Gainesville Slaying Suspect Convicted of Beating His Grandmother
MELBOURNE, Fla. (AP) _ A suspect in the slayings of five college students in Gainesville was convicted Wednesday of beating his grandmother.
Edward Lewis Humphrey, 19, had tears in his eyes on hearing the conviction on a reduced charge of battery on a person over age 65.
Sentencing was set for Nov. 8; under state sentencing guidelines, he could receive probation or up to 22 months in prison.
It took six Brevard County jurors about an hour to convict Humphrey of beating his 79-year-old grandmother, Elna Hlavaty, on Aug. 30.
He could have been convicted of the more serious charge of aggravated battery on a person over 65. Conviction on that charge carries a penalty of at least three years in prison without parole.
″Truth is, Ed Humphrey beat his grandmother. I had no qualms with the jury. It is difficult when they have a victim testifying for the defense,″ state attorney Norm Wolfinger said.
Humphrey has been held on $1 million bond. No trial testimony was given about his status as a suspect in the serial slayings in August of five students in Gainesville.
Both his defense attorney J.R. Russo and his older brother George said Humphrey should receive the minimum sentence because he has no prior record.
″In this case, justice was done,″ said George Humphrey, who was thankful that his brother was found guilty of the lesser charge. ″There is a good chance he will get probation.″
″I don’t see any reason he shouldn’t get probation,″ Russo said.
Outside the courtroom, Russo said he thought the prosecution was handled ″in a manner to keep Eddie Humphrey in jail as long as possible because of the state’s interest in him in Gainesville.″
Mrs. Hlavaty, who testified for the defense, was upset by the verdict.
″I am heartbroken that I have a crippled grandson that is being railroaded in hell until they find the Gainesville murderer,″ she said. Humphrey was injured in a car accident.
″I think it is real interesting that you have a victim in the case that is not interested in prosecuting the case but the state attorney’s office is interested in prosecuting,″ she said.
″The verdict shows the state proved its case,″ said Assistant State Attorney Philip Williams.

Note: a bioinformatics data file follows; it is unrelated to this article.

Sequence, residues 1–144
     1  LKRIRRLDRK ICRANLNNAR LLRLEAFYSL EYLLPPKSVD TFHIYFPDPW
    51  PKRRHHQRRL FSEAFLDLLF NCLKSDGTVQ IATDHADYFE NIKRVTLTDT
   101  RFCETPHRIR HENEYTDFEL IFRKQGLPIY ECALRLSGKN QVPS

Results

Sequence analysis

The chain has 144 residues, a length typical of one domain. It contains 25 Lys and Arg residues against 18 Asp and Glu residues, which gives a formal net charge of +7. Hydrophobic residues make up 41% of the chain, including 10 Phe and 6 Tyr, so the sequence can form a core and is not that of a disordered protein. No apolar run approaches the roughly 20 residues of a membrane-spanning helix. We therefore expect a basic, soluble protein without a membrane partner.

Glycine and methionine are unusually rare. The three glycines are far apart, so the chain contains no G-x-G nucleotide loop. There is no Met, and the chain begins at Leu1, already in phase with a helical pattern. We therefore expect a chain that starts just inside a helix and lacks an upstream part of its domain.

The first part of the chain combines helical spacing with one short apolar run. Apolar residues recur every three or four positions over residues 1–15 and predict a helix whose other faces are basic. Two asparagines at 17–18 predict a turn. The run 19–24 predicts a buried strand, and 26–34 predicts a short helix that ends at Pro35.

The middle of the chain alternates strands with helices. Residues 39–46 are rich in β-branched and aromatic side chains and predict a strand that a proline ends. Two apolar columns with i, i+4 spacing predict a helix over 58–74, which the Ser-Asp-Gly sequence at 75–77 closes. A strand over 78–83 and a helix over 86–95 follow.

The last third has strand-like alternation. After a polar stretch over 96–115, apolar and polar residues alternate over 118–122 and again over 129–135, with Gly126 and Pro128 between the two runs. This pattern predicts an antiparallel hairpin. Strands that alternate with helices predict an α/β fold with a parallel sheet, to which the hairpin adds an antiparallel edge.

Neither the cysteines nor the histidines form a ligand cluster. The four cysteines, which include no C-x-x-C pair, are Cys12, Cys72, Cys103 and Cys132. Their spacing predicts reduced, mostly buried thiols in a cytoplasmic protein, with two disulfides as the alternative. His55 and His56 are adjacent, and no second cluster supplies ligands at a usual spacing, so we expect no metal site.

In closing arguments, Williams had said Humphrey battered his grandmother as if he were in a heavyweight match.
″He wasn’t in a fight with Mike Tyson. He wasn’t in a fight with Muhammad Ali ... he was beating his grandmother,″ Williams said.
Russo, a public defender, argued that the state was ″using its vast resources to try to hammer someone.″
″What are we doing in this courtroom? What is this case all about? The state didn’t put on any clear-cut evidence,″ Russo said.
After the alleged beating Mrs. Hlavaty called police and said her gransdon had hit hurt. She later said she didn’t want to press charges.
Prosecutors have tried to show Mrs. Hlavaty was harmed intentionally and suffered bodily harm, permanent injury or permanent disfigurement.
Mrs. Hlavaty testified Wednesday in her grandson’s defense, saying she hurt herself on Aug. 30, after her grandson returned from Gainesville. She said she lost her balance and fell on a fireplace reaching for a light switch.
Countering this, the arresting officer, Deputy Douglas Hammack, testified that Mrs. Hlavaty identified her grandson as her attacker. She said Humphrey told her she was going to die and go to hell, Hammack testified.
Humphrey is a University of Florida freshman listed by police as a suspect in Gainesville slayings.
Humphrey is also facing unrelated charges of attempted rape and assault.
The alleged attack on his grandmother occurred after the discovery earlier that week of the bodies of four female students and one male student in off- campus apartments.
No one has been charged in those killings.